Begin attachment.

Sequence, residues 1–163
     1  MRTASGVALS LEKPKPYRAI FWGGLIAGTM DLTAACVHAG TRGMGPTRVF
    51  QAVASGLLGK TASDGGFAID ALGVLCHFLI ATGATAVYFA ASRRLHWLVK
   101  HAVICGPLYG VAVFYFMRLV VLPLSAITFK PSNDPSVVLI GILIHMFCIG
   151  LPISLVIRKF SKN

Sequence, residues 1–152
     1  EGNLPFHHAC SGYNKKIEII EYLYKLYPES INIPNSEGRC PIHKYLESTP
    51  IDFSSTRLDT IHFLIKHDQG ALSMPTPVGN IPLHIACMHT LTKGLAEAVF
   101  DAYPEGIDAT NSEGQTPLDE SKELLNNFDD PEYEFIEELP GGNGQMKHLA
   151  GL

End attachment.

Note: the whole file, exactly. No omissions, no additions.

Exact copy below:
Sequence, residues 1–163
     1  MRTASGVALS LEKPKPYRAI FWGGLIAGTM DLTAACVHAG TRGMGPTRVF
    51  QAVASGLLGK TASDGGFAID ALGVLCHFLI ATGATAVYFA ASRRLHWLVK
   101  HAVICGPLYG VAVFYFMRLV VLPLSAITFK PSNDPSVVLI GILIHMFCIG
   151  LPISLVIRKF SKN

Sequence, residues 1–152
     1  EGNLPFHHAC SGYNKKIEII EYLYKLYPES INIPNSEGRC PIHKYLESTP
    51  IDFSSTRLDT IHFLIKHDQG ALSMPTPVGN IPLHIACMHT LTKGLAEAVF
   101  DAYPEGIDAT NSEGQTPLDE SKELLNNFDD PEYEFIEELP GGNGQMKHLA
   151  GL